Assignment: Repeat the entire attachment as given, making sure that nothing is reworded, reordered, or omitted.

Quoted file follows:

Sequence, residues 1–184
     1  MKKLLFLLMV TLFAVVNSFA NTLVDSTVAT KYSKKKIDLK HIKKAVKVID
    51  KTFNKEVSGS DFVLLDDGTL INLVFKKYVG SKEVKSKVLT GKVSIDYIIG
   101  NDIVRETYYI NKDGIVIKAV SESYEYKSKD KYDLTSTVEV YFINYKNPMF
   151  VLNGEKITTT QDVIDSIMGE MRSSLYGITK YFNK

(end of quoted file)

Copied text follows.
Sequence, residues 1–184
     1  MKKLLFLLMV TLFAVVNSFA NTLVDSTVAT KYSKKKIDLK HIKKAVKVID
    51  KTFNKEVSGS DFVLLDDGTL INLVFKKYVG SKEVKSKVLT GKVSIDYIIG
   101  NDIVRETYYI NKDGIVIKAV SESYEYKSKD KYDLTSTVEV YFINYKNPMF
   151  VLNGEKITTT QDVIDSIMGE MRSSLYGITK YFNK